Gross Metro Product rose an estimated 8.8 percent in 2018 after jumping 14.8 percent in 2017. The unemployment rate averaged 2.5 percent for the 2018 calendar year and fell to 2.3 percent in December 2018. The multiplier effect of oil exploration on the supply chain and the induced effect on ancillary services through income gains are substantial. Average annual earnings in oil exploration in Midland was $91,000 in 2017, double the non-energy wage. High wages are paid to professionals at petroleum engineering service firms like BCCK Engineering, Dawson Geophysical Company and Hy-Bon Engineering because they possess specialized knowledge on the latest technological advances in geologic sciences used in the fracking industry. Specialized software firms, such as Enertia Software, support oil exploration, and are part of the dense cluster of activity.11 According to S&P Global Platts, the expansion of oil pipeline transmission capacity will bring an anticipated 2.6 million barrels per day, providing another source of growth for the Midland area. The existing infrastructure is unable to transport the added oil production and much of it is going into local storage facilities, which are full.
Besides oil, ranching, agriculture, healthcare and transportation remain economic pillars; however, focused efforts on diversifying its economy are underway in Midland. Aerospace has emerged as an important engine of its economy. The Midland Altitude Chamber Complex supports the testing and qualification of space and pressure suits, payloads, components and trains new flight crews. RBC | Sargent Aerospace & Defense, a leading provider of precision-engineered customized components and aftermarket aviation services, has expanded in the metro area, along with several other aerospace suppliers establishing operations. As demand in aerospace has increased so has the need for information technology service firms. Percento Technologies has located in the metro area.
Both non-residential and residential construction have been primary beneficiaries of the spillover effects of oil exploration. The real value of total building permits surged by 38 percent in 2018—the highest since the previous peaks in 2013 and 2014. The rapid growth has forced many oil-related workers to live in temporary man-camps.12 In December 2018, construction employment rose 7.2 percent from the same period in 2017. Single-family permits rose 34 percent in 2018 to 1,722 units. The Case-Shiller house price index rose 9.0 percent in 2018. Affordability is becoming an issue for many residents.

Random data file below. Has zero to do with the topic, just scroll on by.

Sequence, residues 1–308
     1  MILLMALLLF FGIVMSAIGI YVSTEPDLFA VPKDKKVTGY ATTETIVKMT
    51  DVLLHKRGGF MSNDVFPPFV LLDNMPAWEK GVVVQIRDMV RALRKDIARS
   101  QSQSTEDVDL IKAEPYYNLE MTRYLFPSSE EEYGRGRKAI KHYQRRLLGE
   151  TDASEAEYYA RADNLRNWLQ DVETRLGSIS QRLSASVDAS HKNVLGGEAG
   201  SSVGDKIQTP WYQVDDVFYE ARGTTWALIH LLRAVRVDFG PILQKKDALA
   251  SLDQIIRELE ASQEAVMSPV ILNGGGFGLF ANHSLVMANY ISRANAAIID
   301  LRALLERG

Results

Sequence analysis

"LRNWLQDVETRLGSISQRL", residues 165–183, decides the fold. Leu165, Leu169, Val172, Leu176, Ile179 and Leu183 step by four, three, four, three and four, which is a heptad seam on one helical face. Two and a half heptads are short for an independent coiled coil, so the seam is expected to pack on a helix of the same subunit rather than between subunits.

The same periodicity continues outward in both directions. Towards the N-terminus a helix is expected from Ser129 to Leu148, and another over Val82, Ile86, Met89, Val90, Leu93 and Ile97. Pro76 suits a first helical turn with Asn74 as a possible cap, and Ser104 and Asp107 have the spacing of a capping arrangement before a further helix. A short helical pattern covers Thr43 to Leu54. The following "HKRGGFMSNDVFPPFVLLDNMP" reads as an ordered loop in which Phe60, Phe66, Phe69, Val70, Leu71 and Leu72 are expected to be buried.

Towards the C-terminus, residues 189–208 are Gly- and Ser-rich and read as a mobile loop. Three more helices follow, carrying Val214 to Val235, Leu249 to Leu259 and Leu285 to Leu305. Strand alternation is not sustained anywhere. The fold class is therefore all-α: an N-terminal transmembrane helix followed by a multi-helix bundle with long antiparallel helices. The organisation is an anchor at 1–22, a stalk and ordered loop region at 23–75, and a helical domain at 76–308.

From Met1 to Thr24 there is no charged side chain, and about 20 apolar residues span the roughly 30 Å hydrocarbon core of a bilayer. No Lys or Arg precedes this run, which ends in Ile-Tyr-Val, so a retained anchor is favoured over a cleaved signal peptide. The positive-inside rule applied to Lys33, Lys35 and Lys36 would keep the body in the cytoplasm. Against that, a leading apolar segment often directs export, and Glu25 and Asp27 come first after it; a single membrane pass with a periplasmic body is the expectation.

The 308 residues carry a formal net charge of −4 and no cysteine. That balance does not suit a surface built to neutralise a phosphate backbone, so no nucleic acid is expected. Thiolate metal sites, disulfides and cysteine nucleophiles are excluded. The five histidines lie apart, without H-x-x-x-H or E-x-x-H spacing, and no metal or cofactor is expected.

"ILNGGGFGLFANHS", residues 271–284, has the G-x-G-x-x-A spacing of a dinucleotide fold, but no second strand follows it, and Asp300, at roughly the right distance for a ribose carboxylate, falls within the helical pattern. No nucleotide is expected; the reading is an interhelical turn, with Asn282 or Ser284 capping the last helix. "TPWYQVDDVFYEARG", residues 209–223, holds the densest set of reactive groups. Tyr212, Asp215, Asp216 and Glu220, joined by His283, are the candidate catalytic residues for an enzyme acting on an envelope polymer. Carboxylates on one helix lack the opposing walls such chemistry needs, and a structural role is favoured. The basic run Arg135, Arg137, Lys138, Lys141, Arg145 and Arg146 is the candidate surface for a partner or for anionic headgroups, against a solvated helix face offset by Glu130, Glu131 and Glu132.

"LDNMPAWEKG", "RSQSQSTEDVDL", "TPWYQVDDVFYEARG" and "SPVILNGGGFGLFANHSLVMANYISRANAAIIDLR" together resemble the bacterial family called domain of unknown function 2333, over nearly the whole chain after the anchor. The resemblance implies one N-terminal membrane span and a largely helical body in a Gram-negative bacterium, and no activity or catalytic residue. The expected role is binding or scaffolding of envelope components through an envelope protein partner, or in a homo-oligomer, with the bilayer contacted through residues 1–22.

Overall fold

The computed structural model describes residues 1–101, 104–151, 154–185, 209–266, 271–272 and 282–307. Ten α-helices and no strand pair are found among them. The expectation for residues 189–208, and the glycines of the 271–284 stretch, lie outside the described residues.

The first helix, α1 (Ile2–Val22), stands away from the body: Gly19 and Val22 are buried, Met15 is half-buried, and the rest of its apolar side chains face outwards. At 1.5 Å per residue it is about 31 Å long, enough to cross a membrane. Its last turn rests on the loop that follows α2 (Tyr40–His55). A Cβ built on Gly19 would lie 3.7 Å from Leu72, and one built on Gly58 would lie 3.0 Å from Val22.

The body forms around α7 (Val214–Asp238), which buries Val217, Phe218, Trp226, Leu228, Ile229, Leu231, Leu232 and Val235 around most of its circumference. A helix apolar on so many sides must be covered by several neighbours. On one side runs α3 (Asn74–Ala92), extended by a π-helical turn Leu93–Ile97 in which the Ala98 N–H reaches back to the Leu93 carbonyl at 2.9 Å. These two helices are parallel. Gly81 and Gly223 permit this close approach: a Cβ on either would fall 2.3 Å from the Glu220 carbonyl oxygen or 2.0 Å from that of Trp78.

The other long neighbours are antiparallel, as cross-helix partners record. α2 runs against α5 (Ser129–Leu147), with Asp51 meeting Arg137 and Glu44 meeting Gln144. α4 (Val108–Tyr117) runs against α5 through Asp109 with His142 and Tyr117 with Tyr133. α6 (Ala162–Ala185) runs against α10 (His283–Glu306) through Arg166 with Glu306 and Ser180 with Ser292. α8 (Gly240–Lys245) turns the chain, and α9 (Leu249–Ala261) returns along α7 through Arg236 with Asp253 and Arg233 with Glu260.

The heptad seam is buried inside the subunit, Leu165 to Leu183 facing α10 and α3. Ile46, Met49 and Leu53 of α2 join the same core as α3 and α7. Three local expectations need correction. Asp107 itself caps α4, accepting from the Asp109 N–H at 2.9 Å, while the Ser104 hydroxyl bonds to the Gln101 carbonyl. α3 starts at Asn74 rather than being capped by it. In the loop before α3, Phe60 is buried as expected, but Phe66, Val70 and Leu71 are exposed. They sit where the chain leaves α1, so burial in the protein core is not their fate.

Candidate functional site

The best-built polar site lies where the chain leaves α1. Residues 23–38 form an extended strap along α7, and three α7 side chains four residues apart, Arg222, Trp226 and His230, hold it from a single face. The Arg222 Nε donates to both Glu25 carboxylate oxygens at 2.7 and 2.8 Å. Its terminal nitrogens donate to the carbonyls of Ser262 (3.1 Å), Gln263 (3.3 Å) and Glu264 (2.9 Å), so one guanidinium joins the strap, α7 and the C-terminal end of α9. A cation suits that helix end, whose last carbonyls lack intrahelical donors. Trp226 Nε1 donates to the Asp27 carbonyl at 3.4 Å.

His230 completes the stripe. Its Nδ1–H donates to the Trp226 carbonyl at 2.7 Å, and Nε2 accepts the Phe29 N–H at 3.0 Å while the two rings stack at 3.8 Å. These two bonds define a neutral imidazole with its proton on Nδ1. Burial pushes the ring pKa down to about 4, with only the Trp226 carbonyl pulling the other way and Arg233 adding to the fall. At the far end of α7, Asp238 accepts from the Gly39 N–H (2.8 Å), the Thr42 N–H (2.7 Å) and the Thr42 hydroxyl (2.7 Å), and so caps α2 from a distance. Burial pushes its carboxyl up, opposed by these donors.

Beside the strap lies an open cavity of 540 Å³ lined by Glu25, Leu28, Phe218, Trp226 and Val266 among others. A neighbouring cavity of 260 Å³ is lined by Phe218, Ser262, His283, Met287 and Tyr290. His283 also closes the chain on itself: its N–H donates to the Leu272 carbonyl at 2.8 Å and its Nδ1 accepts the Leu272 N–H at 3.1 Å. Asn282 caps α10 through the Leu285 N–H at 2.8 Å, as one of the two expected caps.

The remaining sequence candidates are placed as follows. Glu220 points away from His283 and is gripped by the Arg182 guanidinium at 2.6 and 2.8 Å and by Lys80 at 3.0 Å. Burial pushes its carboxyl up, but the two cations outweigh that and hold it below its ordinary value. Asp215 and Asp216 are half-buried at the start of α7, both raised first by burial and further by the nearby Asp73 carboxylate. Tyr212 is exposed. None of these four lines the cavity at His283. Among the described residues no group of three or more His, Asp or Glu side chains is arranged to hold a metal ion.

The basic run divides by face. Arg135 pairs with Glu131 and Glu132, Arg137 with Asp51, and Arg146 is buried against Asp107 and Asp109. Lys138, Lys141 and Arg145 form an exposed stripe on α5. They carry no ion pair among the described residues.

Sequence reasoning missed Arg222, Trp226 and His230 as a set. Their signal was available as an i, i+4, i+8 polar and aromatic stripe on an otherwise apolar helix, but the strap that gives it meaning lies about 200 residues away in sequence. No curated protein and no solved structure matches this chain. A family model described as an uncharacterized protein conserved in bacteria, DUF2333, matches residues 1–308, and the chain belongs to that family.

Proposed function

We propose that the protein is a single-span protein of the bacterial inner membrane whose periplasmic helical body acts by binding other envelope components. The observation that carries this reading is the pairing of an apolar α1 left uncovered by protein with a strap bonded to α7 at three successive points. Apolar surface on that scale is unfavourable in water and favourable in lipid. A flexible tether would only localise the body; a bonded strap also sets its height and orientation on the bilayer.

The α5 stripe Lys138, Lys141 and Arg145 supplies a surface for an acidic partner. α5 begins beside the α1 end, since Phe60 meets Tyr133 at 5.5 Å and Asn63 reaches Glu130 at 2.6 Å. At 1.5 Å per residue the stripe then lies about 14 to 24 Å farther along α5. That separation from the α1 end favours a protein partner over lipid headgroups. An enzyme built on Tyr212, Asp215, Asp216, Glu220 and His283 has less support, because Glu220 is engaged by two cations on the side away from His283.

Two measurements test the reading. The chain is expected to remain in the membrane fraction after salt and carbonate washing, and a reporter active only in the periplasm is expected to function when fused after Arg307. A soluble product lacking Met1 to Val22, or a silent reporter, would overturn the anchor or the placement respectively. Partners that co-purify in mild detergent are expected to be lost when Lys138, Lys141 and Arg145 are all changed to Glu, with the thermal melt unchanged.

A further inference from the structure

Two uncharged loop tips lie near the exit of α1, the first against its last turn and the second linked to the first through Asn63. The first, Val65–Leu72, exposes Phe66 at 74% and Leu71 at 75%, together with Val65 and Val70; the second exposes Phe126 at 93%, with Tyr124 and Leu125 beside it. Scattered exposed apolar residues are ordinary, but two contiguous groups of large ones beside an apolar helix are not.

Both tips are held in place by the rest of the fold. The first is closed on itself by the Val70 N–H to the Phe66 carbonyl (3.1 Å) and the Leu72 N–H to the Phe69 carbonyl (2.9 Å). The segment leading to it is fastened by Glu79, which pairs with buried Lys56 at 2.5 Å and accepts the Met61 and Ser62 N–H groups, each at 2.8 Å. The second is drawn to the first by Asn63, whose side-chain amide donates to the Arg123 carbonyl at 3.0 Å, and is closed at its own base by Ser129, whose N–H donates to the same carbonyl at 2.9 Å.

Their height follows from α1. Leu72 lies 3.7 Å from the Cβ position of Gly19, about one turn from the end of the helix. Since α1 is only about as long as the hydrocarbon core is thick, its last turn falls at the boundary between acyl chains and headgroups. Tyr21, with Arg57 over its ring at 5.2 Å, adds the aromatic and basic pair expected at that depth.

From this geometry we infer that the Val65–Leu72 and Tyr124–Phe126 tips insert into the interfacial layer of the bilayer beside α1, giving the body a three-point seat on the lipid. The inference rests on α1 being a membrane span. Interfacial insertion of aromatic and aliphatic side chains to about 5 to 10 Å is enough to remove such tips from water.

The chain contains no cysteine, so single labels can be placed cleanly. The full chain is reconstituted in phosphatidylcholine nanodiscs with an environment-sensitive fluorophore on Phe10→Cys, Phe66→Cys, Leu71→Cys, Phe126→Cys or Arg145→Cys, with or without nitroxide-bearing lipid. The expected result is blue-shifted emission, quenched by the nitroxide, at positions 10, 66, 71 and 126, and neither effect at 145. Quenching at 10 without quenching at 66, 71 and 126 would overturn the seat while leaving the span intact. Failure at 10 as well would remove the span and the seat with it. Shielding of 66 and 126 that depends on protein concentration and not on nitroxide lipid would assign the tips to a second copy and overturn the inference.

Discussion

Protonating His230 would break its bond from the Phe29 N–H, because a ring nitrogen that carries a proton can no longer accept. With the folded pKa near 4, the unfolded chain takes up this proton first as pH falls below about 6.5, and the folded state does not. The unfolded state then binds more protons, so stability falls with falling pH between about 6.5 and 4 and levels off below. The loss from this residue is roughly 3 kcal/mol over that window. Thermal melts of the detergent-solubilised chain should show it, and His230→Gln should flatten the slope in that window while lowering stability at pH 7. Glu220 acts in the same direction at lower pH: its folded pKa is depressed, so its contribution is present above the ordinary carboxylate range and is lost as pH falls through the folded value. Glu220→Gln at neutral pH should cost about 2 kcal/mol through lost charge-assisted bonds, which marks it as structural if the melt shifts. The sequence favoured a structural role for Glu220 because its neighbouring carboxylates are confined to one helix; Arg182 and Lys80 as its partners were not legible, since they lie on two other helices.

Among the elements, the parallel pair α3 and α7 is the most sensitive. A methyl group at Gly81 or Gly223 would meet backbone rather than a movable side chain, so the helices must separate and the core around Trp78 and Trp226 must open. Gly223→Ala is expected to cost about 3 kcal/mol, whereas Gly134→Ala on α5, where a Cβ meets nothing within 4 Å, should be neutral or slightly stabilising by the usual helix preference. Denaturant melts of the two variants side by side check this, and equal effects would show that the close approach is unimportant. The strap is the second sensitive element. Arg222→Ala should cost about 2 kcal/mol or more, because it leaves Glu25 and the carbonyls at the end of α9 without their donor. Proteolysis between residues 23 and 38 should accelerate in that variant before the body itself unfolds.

Consumer spending has grown at a rapid clip. Real retail sales increased by 35 percent in 2018 and auto purchases jumped by 32 percent—to the highest level on record.13 Several new restaurants are planned for 2019 as leisure and hospitality spending is growing. Hotel occupancy taxes advanced by 62 percent through October 2018 from the same interval in 2017.
Based upon the Longitudinal Employer-Household Dynamics, Quarterly Workforce Indicators, Midland is eighth in the nation in the percentage of total employment represented by young firms. Texas Governor Greg Abbott made a claim in January 2017 during his State of the State address that Midland generates more jobs attributable to startups than San Francisco. This led to an investigative search by politifact.com. Based upon 2014 Census Bureau information, it concluded that startups in San Francisco were responsible for 2.3 percent of total jobs while startups in Midland accounted for 4.5 percent.14 The analysis concluded that San Francisco excelled relative to Midland in the proportion of jobs at new technology firms.
Every thriving smaller community has a female entrepreneurial-success story which serves as a role model for others. Midland has Susie Hitchcock Hall, founder and owner of Susie’s South Forty Confections, a maker of custom candies, and well known for its Texas Pecan Toffee that ships around the world.15 The Roden Entrepreneurial Development Center at the University of Texas, Permian Basin (UTPB) promotes building entrepreneurial skills. The program helps students develop a common frame of reference for the commercialization of innovative ideas best described as “Real Business” projects.16 UTPB has an Entrepreneurial Challenge that is a business plan competition. After qualification, entrants have access to pertinent resources like one-on-one business coaching. Midland also supports black businesses with the African American Chamber of Entrepreneurs, Inc.
Midland has a vibrant art and cultural scene that attracts and retains skilled workers and their families. The Midland Performing Arts Center is regarded as one of the best for a community of its size, and is home to the known Midland Symphony Orchestra. The Midland Chamber of Commerce is a key player in the economic growth of the community as it promotes quality of place with a primary focus on business development.
2. San Jose-Sunnyvale-Santa Clara, CA